Common misconceptions when hiring Deaf workers

Jobs Fair 2009
Jobs Fair and Skills Expo 2009 held at SM North EDSA, July 23

After participating in the recent Jobs Fair and Skills Expo for Persons With Disabilities, I feel deeply saddened about the current state of our brothers and sisters who have physical impairment. Despite the unrelenting government’s efforts in showcasing skills and crafts of disabled people and putting up this job hiring programs even as far back as I can remember (Hey! They have already been doing that for 31 years!), still, a great majority of them remain unemployed. What gives?

I’m not discounting the efforts made by the Philippine government. I truly am grateful and very supportive about what they have been doing for our PWD citizens. I have lauded their labors and blogged about their successes a few times here, here, here and here. But I believe there is something amiss with this system of conducting job fairs for PWDs.

Most Deaf people are jobless

It pains me to see that nearly 80% of those who sought for job placements are deaf people as compared to other persons with disabilities. Don’t get me wrong. This is somewhat a positive trait. Deaf people don’t want to stay idle. They want to fend for themselves and don’t want to depend on their parents for survival. They want to be productive.

The activity’s main emcee pointed out that deaf people comprise the majority of job seekers because of their strong and vast networking. One deaf can easily send text messages to all his friends and immediately, nearly all of them responded with enthusiasm. Another reason might be because they are very mobile. No access barriers can hinder them from trooping to the venue. The same thing may not be applied to those who move around in wheelchairs or are visually impaired.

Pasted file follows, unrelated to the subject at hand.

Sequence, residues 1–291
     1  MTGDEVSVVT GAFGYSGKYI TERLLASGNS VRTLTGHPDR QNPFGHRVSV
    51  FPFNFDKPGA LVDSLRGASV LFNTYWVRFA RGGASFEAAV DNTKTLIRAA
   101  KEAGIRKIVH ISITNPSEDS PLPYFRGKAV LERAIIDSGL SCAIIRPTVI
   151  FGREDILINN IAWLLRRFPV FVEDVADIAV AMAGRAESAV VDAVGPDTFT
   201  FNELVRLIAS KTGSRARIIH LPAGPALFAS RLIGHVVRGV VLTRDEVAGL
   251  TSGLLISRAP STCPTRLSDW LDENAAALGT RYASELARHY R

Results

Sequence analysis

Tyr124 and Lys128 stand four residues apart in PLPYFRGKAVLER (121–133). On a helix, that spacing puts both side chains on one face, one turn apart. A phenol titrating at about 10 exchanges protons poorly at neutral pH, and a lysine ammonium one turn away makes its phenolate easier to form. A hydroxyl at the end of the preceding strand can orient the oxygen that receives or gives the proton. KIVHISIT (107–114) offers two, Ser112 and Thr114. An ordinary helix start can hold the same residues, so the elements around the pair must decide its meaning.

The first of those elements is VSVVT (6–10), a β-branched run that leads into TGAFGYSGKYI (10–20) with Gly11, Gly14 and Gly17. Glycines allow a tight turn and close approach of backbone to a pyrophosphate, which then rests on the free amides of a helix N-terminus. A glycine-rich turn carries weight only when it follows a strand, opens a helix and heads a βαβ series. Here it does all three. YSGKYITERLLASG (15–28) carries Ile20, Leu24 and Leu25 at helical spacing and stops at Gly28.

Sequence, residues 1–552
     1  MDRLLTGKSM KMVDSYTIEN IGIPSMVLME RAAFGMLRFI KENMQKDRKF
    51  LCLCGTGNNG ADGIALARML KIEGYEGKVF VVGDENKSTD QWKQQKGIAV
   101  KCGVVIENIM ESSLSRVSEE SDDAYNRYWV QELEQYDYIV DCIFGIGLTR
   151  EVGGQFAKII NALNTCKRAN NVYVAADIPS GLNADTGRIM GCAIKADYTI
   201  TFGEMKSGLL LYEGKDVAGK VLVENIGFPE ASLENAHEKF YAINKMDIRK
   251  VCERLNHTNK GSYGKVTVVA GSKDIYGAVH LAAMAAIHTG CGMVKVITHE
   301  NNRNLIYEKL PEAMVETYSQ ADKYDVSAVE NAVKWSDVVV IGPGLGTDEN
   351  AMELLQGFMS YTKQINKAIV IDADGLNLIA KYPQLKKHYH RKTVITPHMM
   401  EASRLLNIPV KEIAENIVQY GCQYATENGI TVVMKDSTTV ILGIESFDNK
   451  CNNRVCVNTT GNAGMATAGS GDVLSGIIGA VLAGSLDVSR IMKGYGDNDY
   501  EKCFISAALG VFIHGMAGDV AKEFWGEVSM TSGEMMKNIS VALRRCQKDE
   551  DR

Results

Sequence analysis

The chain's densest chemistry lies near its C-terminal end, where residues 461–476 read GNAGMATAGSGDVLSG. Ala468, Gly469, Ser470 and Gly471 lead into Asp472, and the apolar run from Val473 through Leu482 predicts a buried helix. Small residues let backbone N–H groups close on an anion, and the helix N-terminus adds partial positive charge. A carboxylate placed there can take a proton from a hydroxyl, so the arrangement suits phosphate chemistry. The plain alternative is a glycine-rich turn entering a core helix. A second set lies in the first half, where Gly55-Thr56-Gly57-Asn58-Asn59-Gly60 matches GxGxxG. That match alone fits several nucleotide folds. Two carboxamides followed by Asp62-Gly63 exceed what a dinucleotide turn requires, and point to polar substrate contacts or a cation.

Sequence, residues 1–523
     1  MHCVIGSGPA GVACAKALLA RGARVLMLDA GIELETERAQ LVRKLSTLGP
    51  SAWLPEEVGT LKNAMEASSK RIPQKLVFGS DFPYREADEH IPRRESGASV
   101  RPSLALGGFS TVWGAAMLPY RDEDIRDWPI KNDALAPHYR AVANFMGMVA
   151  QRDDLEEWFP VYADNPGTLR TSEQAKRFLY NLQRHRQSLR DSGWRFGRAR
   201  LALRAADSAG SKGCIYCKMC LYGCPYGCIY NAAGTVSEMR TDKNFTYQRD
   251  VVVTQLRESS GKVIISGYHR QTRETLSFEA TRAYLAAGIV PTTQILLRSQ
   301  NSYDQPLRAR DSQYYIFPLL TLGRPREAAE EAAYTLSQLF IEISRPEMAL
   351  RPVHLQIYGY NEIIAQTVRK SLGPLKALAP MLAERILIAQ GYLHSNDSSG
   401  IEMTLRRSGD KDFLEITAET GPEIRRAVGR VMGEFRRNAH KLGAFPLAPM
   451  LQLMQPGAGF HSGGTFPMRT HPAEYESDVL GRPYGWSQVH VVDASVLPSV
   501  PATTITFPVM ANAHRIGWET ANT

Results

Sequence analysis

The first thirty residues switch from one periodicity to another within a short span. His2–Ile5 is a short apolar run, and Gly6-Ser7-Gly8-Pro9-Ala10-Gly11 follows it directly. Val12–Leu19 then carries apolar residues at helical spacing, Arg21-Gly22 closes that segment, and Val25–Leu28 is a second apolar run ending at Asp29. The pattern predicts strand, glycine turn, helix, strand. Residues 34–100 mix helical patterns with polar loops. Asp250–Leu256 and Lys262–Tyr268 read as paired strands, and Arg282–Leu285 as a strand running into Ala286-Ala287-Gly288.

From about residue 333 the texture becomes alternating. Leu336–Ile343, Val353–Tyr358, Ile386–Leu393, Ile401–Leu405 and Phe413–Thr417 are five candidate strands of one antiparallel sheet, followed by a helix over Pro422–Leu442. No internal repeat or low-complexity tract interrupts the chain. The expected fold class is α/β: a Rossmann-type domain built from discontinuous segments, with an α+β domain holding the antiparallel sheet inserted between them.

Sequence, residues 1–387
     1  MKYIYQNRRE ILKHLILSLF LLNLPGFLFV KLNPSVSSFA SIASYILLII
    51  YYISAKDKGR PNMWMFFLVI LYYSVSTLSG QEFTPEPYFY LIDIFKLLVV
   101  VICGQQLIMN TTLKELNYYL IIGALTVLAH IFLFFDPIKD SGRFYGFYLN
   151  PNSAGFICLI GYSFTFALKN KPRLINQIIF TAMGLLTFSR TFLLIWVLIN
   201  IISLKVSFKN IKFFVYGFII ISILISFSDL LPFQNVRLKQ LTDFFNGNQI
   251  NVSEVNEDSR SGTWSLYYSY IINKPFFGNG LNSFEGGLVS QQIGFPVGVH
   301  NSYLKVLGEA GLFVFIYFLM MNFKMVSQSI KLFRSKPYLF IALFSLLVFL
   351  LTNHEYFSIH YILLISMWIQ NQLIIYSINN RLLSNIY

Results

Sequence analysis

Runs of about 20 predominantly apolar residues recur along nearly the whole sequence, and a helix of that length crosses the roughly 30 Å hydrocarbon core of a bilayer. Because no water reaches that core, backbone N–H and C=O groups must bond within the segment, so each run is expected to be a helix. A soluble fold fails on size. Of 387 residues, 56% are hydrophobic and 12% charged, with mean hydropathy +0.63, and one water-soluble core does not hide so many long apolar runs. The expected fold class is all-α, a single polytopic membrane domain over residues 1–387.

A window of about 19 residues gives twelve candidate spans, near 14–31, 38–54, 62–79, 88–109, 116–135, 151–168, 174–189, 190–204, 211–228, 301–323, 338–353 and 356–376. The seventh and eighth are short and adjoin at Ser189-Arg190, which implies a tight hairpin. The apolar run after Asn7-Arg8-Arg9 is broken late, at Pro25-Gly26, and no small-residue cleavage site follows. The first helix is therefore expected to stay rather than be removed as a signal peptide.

Still, I cannot discount the observation that most deaf people are either unemployed or underemployed. I’m starting to believe that job fairs are a waste of time and resources.

Sorry we can’t hire them because…
bossshout

Ever since I became involved with training deaf people and job matching them for nearly 20 years now, I am in constant contact with some employers and industry leaders and kept abreast with the latest trend in computer technology. From MS-DOS to Windows Vista, Lotus 123 to Microsoft Excel and dBase III+ to MySQL PHP programming, data encoding to web page developing and graphics animation. I self-studied them and even made especially designed manuals to keep our deaf students updated.

But every time I assist our graduates to possible employers, majorty of them have the same apprehensions. Most companies and hearing employers think it’s difficult for the deaf to work in the office because of these reasons starting with the phrase “Sorry, we can’t hire them because…

  • they can’t hear our instructions.
  • we don’t know sign language. We have to hire a sign language interpreter just to accommodate them.
  • the deaf can’t hear their voices so they cannot control them. It would be a bother to the rest of the office workers.
  • it will be difficult to talk to them.
  • they can’t understand English or Tagalog. They can’t lipread. We don’t have time to write instructions on paper.
  • we don’t have time and additional manpower to train them. Maybe they are difficult to train.
  • they are not aware of what is happening around so they are prone to accidents.
  • we’re sure deaf people cannot adjust to pressures in the office.

To some extent, these perceptions may sound true. Now how do we deal with these negative notions?

Employer or employee problem?

I personally believe that these reactions are unfounded and highly judgmental. They haven’t experienced hiring a deaf person and yet, these unconstructive responses are already in their mind set.

During the event, there was a lecture about how to make a good resume and other things to prepare a job hunter before going to the company. When she asked the audience if they have questions I volunteered to inquire. I asked about what pointers can she give to the deaf applicants.